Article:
H.4187 – An Act Protecting Massachusetts Pollinators

Our Bees and Native Pollinators Need Our Help Again!!!

As most of you are aware, there has been a lot of activity on Beacon Hill that will affect our bees and native pollinators for many years to come. One of the bills that has been proposed, H.4187 – An Act Protecting Massachusetts Pollinators, is groundbreaking legislation that will regulate the use of the neonicotinoid class of pesticides that an overwhelming body of world wide, peer reviewed scientific research has shown to be one of the primary causes of the death and decline of our bees and native pollinators that we are all acutely aware of. Other states, such as Maryland, have already taken the lead in this fight by passing similar legislation. It is time for the Commonwealth of Massachusetts to step up and do the right thing. To make that happen we need each and every one of you to email or snail mail your state senator and your state representative. A sample letter can be found below the line that you can copy and paste. To find your legislator please use the search by location tool on the right hand side of the page that the Find Your Legislators link points to. Please also share the link to this page with as many people as possible on Facebook, Twitter, by email or by whatever means you can.

Find Your Legislators -> https://malegislature.gov/People/Search
H.4187 -> https://malegislature.gov/Bills/189/House/H4187

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{date}
{my town}, MA

Dear {Representative or Senator} {Last Name},

As a beekeeper and one of your constituents, I urge you to support H.4187 – An Act Protecting Massachusetts Pollinators. This bill would place bee-killing neonicotinoid pesticides only in the hands of those trained to use them. By protecting our honey bees and native pollinators, we will ensure a safe and plentiful food supply. We will also protect wildlife and human health by reducing the widespread use of these toxic pesticides.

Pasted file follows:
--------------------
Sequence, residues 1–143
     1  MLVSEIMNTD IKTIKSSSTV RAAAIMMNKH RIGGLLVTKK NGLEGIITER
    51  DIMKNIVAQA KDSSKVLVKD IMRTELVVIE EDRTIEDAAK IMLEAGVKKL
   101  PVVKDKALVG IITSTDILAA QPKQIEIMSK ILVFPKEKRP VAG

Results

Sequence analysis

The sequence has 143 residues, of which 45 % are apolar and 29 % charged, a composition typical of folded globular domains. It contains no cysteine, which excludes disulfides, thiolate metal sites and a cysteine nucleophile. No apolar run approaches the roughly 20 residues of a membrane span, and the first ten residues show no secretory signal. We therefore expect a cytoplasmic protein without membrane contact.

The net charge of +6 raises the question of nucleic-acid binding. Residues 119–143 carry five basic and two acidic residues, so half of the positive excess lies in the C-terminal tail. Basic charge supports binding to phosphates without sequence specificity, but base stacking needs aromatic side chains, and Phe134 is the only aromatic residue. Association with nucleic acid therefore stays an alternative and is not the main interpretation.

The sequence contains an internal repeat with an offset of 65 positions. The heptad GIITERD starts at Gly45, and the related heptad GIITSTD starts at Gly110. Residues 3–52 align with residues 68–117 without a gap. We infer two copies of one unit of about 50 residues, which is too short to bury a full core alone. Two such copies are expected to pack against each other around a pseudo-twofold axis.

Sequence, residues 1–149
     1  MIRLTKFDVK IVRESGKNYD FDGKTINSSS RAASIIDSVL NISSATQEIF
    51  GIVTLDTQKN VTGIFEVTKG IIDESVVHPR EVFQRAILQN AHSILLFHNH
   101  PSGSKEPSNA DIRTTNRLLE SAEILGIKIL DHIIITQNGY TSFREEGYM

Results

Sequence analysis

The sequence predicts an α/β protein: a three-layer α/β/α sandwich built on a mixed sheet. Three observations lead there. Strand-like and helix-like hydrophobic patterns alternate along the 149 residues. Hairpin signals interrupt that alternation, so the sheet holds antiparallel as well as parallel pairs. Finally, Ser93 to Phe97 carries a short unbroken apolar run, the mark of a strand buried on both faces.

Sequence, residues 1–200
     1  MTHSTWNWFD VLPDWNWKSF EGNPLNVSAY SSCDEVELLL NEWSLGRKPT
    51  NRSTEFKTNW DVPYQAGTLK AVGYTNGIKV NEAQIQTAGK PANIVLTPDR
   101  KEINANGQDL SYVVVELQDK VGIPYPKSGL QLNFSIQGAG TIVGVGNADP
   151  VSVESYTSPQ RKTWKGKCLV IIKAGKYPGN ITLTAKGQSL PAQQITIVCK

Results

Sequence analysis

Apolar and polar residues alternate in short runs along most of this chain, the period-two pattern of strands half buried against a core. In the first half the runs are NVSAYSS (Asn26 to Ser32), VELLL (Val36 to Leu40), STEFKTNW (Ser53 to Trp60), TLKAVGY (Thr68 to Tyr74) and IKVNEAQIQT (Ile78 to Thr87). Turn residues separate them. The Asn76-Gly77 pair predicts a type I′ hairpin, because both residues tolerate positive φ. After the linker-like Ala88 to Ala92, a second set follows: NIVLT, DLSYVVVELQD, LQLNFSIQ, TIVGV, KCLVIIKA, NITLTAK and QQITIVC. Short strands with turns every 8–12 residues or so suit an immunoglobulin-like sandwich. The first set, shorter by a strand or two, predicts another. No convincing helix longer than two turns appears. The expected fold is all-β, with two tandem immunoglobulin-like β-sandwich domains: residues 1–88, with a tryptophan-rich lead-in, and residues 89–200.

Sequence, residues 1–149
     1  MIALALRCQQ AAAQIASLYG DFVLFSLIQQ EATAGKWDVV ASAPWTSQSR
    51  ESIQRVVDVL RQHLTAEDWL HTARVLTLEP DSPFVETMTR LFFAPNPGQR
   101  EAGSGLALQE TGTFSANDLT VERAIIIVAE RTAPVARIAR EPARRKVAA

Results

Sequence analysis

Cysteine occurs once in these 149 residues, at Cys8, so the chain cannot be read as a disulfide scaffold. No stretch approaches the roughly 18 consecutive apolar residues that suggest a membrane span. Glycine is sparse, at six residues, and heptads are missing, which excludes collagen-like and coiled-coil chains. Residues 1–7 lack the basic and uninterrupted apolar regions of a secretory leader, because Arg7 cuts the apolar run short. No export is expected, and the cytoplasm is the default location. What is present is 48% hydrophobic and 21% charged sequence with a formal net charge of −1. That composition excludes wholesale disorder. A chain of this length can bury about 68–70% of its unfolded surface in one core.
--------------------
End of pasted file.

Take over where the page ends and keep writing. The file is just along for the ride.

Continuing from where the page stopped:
Bees and other pollinators are responsible for 1 in every 3 bites of food we eat and account for as much as $27 billion to the U.S. economy annually, but bees and other pollinators are in great peril and populations are dwindling worldwide. A large and growing body of science has implicated neonicotinoids as a leading factor of their decline. These pesticides are widely used in agriculture, used on 140 crops and in gardens and landscapes. Acute exposure to these pesticides can directly kill bees and make them more vulnerable to pests, pathogens and other stressors while impairing their foraging and feeding abilities, reproduction and memory. Some of the neonicotinoids are 5,000-10,000 times more acutely toxic to bees than DDT.

In response to mounting evidence and growing consumer demand, the European Union banned several neonicotinoid pesticides, and Ontario, Canada has significantly limited their use. In April, the state of Maryland passed a bill to eliminate consumer use of these pesticides and a few weeks later Connecticut passed a similar piece of legislation. In the U.S., more than 30 municipalities and universities in the U.S. and more than 30 retailers including the two largest home improvement retailers in the world—Home Depot and Lowe’s—have taken action to restrict their use.

In January 2016, the U.S. Environmental Protection Agency confirmed that the most widely used neonicotinoid, imidacloprid, is highly toxic to bees, with exposure resulting in reduced numbers of worker bees, less foraging and delayed development. The agency won’t conclude the final version of this assessment and others, including potential mitigations, for at least two more years.

If current rates of bee die-offs continue (an average of more than 30 percent per year) and with Massachusetts beekeepers losing 46.4% of their hives just this past year, it is unlikely that the Massachusetts beekeeping industry will survive, putting our agriculture industry and our food supply at serious risk.

The bee problem is complex; bees are having trouble for many reasons, but the evidence clearly shows that neonicotinoid pesticides are a key part of the problem and something we can fix now. Reducing the use of these pesticides will help bees.

It’s vitally important that you vote for H.4187-An Act Protecting Massachusetts Pollinators. The reasonable steps in this bill will help protect the health of people and pollinators and keep Massachusetts beekeepers, wildlife, food system and environment healthy and thriving.

Please vote for H.4187-An Act Protecting Massachusetts Pollinators.

Regards,
-{my name}

Mass Bee Field Day – 2016

Saturday, June 18, 2016

University of Massachusetts Agronomy Farm
89 River Rd. South Deerfield, MA.

The 2016 Field Day will take place on Saturday June 18th at the University of Massachusetts Agronomy Farm, Deerfield, MA. Field Day is an opportunity to learn from experienced beekeepers the practical tasks of hive management. Expert beekeepers·volunteer their time to share techniques on pest & disease management, Queen rearing, swarm prevention, and a variety of practical skills.· It is an excellent opportunity to learn, ask questions from some of our best state and New England beekeepers, meet beekeepers from other clubs throughout the state and participate in or watch activities like the smoker contest.

Free Event (Lunch $10.000) – Registration Required!!!

More Information and registration form available at: 2016 Mass Bee Field Day

Map: UMass Agronomy Farm

Vendors: Better Bee, Brushy Mountain, Gold Star, Mann Lake, and Slovenian Beekeeping.